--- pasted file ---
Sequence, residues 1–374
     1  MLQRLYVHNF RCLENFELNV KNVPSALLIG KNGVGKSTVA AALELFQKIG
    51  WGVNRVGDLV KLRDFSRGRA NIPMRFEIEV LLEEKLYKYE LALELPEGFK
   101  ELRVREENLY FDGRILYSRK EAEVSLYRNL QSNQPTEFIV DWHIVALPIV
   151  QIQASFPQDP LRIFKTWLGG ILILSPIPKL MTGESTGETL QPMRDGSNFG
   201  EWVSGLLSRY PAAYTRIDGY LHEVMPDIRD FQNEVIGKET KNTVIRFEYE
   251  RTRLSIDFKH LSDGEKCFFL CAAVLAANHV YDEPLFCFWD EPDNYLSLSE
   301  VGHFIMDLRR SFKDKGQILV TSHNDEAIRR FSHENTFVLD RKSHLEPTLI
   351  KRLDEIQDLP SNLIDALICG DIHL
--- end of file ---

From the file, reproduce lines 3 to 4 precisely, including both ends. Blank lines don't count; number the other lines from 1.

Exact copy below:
    51  WGVNRVGDLV KLRDFSRGRA NIPMRFEIEV LLEEKLYKYE LALELPEGFK
   101  ELRVREENLY FDGRILYSRK EAEVSLYRNL QSNQPTEFIV DWHIVALPIV